I believe film school used to mean something when it was only about access to equipment. Since the advent of cheap, quality digital cinema (lets say 2000 as a WIDE release), potential film schoolers have had numerous options to get ahold of equipment which are far cheaper than paying for a film degree. Claiming a film degree now is just the same as claiming a BA in anything else – you’re a dime a dozen. Credentials, name dropping, and a diploma do not make great art – or even begin to suggest you possess the possibility to make great art.

    The only thing that matters in getting your films made and seen are actually making films. I’ve met so many delusional people who claimed filmschool like it was a notch on their belt.

    “I’ve got a film degree! I’m off to direct in Hollywood!”
    How many short films have you made?
    “One. BUT IT WAS SHOT ON 35MM!!! ”
    Sweet – good luck.

    What’s worse is I’m hearing of people going to GRADUATE film school just so they can complete their first screenplay which they’re sure is going to be a big hit. YOUR STORY IS NOT GOING TO BE ANY BETTER JUST BECAUSE YOU PAY FOR THE OPPORTUNITY TO WRITE IT! GRADUATE FILM SCHOOL! HOW ASININE! WHAT, DO THEY HAVE BETTER EQUIPMENT THAN UNDERGRADUATE FILM SCHOOL???? OF COURSE NOT!

    The current crop of film schoolers are a bunch of whinny, self-absorbed drabs cultured by too many over-privileged John Hughes’ protagonists.
    Some money men (as told to me) will not even hire film schoolers because (many – not all) “think they’re the next Steven Speilberg, they’re pissed because they haven’t received the recognition they deserve, and they won’t take direction from anybody.”

    The above text in quotation marks are not my words.

    My film school dissent mostly stems from the fact I believe film school is a waste of money and the backlash I’ve received from film schoolers after finding out I don’t have a film degree. As with the HVX and P2, people don’t like to hear they wasted a bunch of money.

    Perhaps, just perhaps, I may live too close to the People’s Republic of Boulder, CO and have been tainted by the assfaces I’ve met from CU Film School. Additionally, I have a bad taste in my mouth from all the red tape associated with higher education and cost passed on to students. Higher Education is strictly a business and I learned way more about filmmaking from my 12th grade Expository writing class than I ever did from learning how to use a piece of equpment or software. I personally posses a $38,000 BA in Communications and Multimedia that I’m still paying for, and it will never help me make films. I wish I would have bought the camera and edit bay I planned to instead of going to college all together.

    All that said, I hope everyone gets a chance to create their own version of art and experience the joy of creativity. We all weave our own webs, ya’ know.

    Hope that helps. Thanks Paul, feel free to fire back.

  2. Paul Says:

    Now that’s what I call a comment! Thanks for reading, Josh, and thanks for writing.

    The P2 explanation/explication is appreciated. You may be right — only time will tell, I suppose. Personally, I’m not won over by *any* of the current crop of 10K and less HD cameras right now. I want to be, but I’m not.

    As for the film school stuff, clearly, we had different experiences, so there’s no sense in trying to change each others’ minds about it. Frankly, I enjoyed your rant, in part, because it highlights how different of an experience I had.

    I certainly have encountered the whiny, self-absorbed, self-involved people you speak of, and if those were the people that I had to spend most of my time with, I’d be bitching too. But mostly my experiences with film school students (both as student and teacher) have almost entirely been at state schools with hard-working students that haven’t known a lot of privilege. Not the privileged “whiners” you speak of. (Sorry, readers, if this sounds classist, but that whining is usually a function of growing up with lots of money.)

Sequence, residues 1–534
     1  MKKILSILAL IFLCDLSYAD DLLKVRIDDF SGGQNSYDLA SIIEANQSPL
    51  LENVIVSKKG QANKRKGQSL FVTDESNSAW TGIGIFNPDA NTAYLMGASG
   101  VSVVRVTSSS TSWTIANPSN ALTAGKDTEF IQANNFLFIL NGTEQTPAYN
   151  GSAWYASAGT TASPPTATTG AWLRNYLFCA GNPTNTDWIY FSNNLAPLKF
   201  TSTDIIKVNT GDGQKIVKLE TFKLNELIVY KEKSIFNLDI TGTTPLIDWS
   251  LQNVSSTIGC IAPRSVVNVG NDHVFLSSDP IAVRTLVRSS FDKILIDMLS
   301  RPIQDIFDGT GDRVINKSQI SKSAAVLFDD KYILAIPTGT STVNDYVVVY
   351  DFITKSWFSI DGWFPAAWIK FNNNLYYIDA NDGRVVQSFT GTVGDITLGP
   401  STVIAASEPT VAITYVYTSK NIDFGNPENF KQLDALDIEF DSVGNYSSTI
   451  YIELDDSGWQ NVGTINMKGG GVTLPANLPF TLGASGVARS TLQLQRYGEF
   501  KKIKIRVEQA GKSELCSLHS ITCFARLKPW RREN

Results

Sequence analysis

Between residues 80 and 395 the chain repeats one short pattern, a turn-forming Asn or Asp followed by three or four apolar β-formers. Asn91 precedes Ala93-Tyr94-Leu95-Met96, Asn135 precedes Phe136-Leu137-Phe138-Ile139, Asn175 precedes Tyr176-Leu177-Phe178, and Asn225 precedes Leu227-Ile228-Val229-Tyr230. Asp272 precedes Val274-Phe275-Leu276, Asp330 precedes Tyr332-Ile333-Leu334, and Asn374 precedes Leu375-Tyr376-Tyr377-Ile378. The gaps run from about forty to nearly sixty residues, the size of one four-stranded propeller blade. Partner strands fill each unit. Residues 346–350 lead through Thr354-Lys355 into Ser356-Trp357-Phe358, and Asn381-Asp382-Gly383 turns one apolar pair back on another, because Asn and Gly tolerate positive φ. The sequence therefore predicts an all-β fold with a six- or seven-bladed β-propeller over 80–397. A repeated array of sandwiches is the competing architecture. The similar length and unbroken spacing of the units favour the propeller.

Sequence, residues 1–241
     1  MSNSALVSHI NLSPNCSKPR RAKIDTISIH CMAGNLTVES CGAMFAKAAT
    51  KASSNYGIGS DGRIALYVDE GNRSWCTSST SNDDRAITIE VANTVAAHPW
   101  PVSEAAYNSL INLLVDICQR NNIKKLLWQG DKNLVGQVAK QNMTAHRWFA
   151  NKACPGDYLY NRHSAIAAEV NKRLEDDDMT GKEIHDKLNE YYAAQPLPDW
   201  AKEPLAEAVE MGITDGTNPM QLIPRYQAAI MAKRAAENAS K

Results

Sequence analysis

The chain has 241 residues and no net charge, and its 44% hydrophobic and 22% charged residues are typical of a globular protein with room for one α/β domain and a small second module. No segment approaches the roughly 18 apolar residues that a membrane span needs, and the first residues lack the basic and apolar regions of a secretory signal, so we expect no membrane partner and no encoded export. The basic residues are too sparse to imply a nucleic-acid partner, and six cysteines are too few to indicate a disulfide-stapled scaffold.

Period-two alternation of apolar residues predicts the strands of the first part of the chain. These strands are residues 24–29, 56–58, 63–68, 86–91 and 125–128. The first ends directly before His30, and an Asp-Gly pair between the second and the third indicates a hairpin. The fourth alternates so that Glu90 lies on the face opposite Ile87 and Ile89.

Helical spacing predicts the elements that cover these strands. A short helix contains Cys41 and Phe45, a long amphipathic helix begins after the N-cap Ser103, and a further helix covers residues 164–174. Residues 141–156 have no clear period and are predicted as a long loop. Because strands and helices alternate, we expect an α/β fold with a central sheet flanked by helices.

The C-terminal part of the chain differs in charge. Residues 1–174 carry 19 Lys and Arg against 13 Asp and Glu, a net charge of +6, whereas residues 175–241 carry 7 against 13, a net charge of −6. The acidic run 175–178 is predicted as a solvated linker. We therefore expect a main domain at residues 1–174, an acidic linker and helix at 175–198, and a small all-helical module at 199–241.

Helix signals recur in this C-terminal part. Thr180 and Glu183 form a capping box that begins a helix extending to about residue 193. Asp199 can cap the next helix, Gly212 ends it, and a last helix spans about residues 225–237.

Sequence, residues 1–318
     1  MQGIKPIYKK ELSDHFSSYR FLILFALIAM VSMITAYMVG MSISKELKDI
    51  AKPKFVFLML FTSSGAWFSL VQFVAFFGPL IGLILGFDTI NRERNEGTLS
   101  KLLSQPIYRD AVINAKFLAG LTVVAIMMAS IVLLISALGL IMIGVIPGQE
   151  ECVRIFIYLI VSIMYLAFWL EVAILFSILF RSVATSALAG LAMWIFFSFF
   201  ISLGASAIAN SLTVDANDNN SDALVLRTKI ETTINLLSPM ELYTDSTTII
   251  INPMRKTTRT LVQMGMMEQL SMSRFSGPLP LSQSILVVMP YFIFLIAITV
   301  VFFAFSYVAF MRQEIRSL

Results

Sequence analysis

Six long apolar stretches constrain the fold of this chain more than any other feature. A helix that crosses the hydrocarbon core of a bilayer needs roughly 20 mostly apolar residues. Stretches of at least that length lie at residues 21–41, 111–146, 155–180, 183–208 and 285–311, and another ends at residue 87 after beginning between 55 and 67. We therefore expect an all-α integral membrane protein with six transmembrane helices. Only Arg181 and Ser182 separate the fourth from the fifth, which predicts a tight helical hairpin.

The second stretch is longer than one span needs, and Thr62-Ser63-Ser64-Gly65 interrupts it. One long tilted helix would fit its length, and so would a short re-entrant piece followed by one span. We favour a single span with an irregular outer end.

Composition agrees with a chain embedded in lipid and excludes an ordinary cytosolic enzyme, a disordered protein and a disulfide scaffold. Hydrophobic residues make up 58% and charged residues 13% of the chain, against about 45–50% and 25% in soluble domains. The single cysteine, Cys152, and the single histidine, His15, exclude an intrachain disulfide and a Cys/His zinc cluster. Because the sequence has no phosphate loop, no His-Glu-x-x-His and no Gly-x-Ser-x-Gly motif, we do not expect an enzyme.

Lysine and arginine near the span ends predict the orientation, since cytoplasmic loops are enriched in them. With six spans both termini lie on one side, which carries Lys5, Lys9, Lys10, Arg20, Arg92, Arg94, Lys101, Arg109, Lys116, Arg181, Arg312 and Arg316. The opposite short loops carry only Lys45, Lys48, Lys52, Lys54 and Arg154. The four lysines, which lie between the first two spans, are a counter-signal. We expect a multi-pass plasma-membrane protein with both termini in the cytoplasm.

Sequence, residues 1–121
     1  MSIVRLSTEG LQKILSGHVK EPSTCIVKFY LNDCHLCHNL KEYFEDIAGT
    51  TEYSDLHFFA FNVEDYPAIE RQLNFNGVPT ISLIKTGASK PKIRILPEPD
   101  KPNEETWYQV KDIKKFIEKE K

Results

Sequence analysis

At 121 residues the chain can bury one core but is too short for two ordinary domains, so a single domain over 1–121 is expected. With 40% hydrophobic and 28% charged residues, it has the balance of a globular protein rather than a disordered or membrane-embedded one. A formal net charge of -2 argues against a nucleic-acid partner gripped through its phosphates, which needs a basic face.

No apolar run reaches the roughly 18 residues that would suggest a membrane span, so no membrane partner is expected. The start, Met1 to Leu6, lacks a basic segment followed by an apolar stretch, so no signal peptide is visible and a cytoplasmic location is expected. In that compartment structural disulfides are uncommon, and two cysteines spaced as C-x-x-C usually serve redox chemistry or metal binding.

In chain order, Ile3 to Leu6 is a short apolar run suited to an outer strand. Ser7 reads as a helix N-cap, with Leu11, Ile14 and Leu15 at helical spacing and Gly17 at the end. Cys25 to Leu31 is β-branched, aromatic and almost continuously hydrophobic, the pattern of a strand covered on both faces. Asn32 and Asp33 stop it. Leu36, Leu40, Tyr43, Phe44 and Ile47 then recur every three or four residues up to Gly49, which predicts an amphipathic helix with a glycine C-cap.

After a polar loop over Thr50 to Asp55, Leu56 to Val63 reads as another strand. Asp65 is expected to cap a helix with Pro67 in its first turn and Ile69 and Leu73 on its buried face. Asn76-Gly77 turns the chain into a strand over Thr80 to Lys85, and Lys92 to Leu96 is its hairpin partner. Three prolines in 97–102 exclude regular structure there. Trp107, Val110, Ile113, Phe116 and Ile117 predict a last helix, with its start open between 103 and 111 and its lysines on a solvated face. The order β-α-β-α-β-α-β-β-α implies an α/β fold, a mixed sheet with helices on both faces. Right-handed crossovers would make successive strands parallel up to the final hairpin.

I also think you’re absolutely right to rail about the misconceptions and myths that some film schools feed to their students about becoming “the next Spielberg.” I’d like to think that, at least for myself, I actually to do the opposite — that I say, “Have your dreams, but do a reality check and make sure you have a skill.” I think the fact that I’ve had some success of my own and I still have a day job is a big reality check for some of them. And that pleases me.

    I certainly don’t try to persuade anyone to go to film school, but if they choose to attend one, I do think some good can come of it — that good being that, at some point, SOME teacher is going to tell them to stop making derivative crap that is a 3rd-rate retread of Scorsese, Tarantino, or whoever the hot director of the moment is. (Or, on the flip side, the teacher is going to tell the navel-gazers that art is communication and if they’re not doing much good if they’re only indulging themselves.) Either way, if that intervention doesn’t happen — or if they’re going to ignore the intervention when it comes — film school is probably worthless. They’re better off just buying the camera and the G5.

    Sadly, though, for the kids that skip school and just buy the cameras and make the movies, that moment of intervention rarely happens. We’ve all seen the work these guys make. They make that movie with the guy (usually their buddy that they alternate bong hits with) and the gun. They don’t just make it the one time. They make that same movie over. And over. The work gets more polished, but it rarely gets better because no one ever says: “Enough. Do something that isn’t based on a movie you’ve seen. Or stop.”

    Finally, as for the usefulness of graduate school, I will say that at least one reason for going is: M-O-N-E-Y. At least at the place where I went, I was PAID to be a student (fellowships, assistantships, etc). Yeah, during those days I barely paid my rent, but I was essentially paid to make movies — my movies, not someone else’s.. Grad school can buy a person that time, and that can be a sweeter deal than either you or I have now, my friend. Then again, for those ones that PAY$150,000 for the privilege to write a screenplay, well… don’t make ME defend those saps.

    I hope everyone gets a chance to create their own version of art and experience the joy of creativity. We all weave our own webs, ya’ know.

    Well said. I’ll let your words be the last ones.

  3. Josh Oakhurst Official Site Says:

    […] Paul at had a few bones to pick with me after reading PART I and PART II of my interview with Matt from […]

  4. Josh Oakhurst Official Site Says:

    […] I really like his last paragraph and the section about not being able to “get better in a vacum.” As you may remember, SelfReliantFilm’s Paul Harrill and I had a great discussion about attending vs. not attending film school. […]